Government watchdog Helen Burns Sharp spent more than $77,000, including tens of thousands of dollars out of her retirement account, fighting what she sees as a pattern of secret - and therefore illegal - decisions by a city board.
A judge's ruling in her favor on Friday means that the retired city planner could see most of her legal fees reimbursed by the city, even as she prepares a second lawsuit against the same board for what she says are continuing violations of Tennessee's Sunshine laws.
Through two city administrations and two Chancery Court judges, Sharp and attorney John Konvalinka waged a legal battle against Chattanooga's Industrial Development Board to stop what she alleged were a series of secret deliberations over how to distribute millions in tax dollars - $9 million of which went to help the developer of a golf course near Aetna Mountain.
A succession of city attorneys, including Mike McMahan, Phil Noblett and Wade Hinton, maintained that the board had done nothing wrong. They said Sharp lacked standing to sue. They said the board never deliberated secretly. They said any off-the-record meetings were covered by attorney-client privilege.
But Chancellor Frank Brown disagreed in July, knocking down the city's arguments in an unexpected ruling from the bench that effectively handed Sharp a total victory.
"Ms. Sharp had accused IDB of secret meetings in its consideration of the two opinion letters from [developers' bond attorney George] Masterson and alleged such violated the Open Meeting Act, which meant its actions should be declared null, void, and of no effect, and the court agrees with her," Brown wrote.
Vindicated, Sharp then asked Chancellor Pam Fleenor, who took over for a retiring Brown, to require the city to reimburse her substantial legal fees.
City attorneys argued they should not be required to pay Sharp. They said Brown's ruling wasn't clear, that it represented a "novel first impression interpretation" of the Open Meeting Act, and that it dealt with complex legal theories.
But in reality, the Open Meetings Act is really very simple, Fleenor wrote in an opinion released Friday, among her first as a newly elected chancellor. The public must be given notice of each meeting, the minutes of the meeting must be recorded, and all votes must be public, none of which happened when the IDB initially allowed $9 million in taxpayer funds to finance a road up Aetna Mountain, as part of a development known as Black Creek Mountain.
"It is not difficult to determine whether an open meeting occurred or whether a secret meeting in violation of the act occurred," Fleenor said. "It is simply a question of fact."
Current city attorney Hinton, who is also a member of the board in question, defended the board's behavior, saying it was "conducting business as compliant with the law." But he acknowledged that the city is "working to conduct training for our boards moving forward, so that the members are aware of what's required of them to remain compliant with the open meetings law."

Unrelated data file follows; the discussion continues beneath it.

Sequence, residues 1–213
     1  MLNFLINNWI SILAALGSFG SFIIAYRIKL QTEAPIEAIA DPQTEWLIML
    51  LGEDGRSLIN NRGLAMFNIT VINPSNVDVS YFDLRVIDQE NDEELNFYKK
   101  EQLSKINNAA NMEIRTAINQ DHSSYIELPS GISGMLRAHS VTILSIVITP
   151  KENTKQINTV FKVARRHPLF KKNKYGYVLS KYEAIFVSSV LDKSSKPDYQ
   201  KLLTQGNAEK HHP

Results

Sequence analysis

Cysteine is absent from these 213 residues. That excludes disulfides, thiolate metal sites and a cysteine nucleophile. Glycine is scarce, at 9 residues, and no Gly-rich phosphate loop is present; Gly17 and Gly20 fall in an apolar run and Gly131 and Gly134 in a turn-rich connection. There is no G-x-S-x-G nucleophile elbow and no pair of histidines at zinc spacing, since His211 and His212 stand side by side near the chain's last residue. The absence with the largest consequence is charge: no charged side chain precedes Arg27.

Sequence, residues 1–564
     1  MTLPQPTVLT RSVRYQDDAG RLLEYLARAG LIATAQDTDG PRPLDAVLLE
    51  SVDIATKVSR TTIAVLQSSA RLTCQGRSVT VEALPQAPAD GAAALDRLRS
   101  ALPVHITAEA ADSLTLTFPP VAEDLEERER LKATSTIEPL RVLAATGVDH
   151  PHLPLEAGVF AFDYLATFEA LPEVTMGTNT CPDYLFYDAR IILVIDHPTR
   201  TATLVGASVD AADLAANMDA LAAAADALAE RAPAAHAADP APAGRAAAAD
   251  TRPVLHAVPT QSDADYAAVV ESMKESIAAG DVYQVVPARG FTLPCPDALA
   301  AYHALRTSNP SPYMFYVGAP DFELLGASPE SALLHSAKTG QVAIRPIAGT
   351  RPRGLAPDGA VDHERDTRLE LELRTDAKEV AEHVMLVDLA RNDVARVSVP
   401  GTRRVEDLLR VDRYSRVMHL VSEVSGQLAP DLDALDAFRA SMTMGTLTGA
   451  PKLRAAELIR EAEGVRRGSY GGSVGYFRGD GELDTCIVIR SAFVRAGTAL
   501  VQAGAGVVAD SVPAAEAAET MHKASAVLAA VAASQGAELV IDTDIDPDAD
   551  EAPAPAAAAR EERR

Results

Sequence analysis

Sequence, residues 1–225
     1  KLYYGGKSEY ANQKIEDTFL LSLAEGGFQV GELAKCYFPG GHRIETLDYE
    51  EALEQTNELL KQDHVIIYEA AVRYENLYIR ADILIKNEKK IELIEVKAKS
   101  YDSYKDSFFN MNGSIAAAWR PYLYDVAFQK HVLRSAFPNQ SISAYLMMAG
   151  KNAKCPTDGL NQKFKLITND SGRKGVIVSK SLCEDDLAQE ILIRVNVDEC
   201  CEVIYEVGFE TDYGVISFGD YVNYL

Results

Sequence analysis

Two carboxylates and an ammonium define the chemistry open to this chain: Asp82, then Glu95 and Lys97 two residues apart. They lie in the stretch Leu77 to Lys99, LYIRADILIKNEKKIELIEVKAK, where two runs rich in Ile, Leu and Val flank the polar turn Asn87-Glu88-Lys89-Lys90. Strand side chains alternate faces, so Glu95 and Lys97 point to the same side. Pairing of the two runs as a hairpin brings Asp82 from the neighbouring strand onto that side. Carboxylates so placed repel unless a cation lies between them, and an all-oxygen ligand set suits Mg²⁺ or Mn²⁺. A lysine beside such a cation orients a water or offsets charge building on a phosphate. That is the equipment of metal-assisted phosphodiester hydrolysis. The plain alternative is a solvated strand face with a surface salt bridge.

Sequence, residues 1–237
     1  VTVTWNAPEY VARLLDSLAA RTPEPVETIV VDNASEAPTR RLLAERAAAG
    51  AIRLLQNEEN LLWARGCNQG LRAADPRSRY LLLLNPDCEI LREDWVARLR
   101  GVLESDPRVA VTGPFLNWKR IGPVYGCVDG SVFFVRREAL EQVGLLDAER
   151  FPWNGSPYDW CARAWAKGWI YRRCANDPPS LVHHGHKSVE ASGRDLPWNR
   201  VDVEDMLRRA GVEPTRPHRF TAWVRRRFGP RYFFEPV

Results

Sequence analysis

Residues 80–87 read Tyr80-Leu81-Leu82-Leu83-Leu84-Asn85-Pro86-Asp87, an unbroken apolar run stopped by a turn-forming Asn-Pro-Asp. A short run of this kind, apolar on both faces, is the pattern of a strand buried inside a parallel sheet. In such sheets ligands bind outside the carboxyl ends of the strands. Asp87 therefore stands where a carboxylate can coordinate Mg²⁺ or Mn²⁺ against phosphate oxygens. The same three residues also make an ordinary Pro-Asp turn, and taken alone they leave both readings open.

The seven-member Industrial Development Board, which has two vacancies and two members with expired terms, could see new members appointed within a week to bring it into compliance with the state law governing its existence, Hinton said.
But Sharp's lawsuits aren't the only criticisms of the city's handling of Tennessee's sunshine laws, which are meant to ensure that spending decisions are transparent to members of the public, who are footing the bill.
Hinton himself may have run afoul of the law in August during a debate over the city's sound ordinance, in which he asked City Council members to circle a multiple choice answer dealing with review of the city's decibel rules, then return the completed worksheets to him rather than deliberate openly.
Elisha Hodge, who at the time was Tennessee's Open Records counsel, said that the meeting could have violated the state Open Records Act, since such deliberations are supposed to be performed in public.
Also in August, city-owned EPB became embroiled in an open records fight with a University of Tennessee at Chattanooga student who sought information about the public utility's deals with private advertisers. The utility attempted to charge the student more than $1,700 to view the records, which Hodge said was against the law.
And the city was forced to pay $71,000 in attorney fees in February to Rebecca Little, who sued to obtain records about sewer services she alleged that the city had not provided after annexing her district. Local judges were twice overruled by a state appeals court in the case, which had dragged on since 2011.
Hinton said the city is working to adhere to the law, even as the city is studying ways of legally shredding decades of old documents.
"There is an overall ethics training that includes open meetings and open records as well as the ethics code," Hinton said. "Within the next few months we'll probably start rolling out that training."
Contact staff writer Ellis Smith at 423-757-6315 or firstname.lastname@example.org with tips and documents.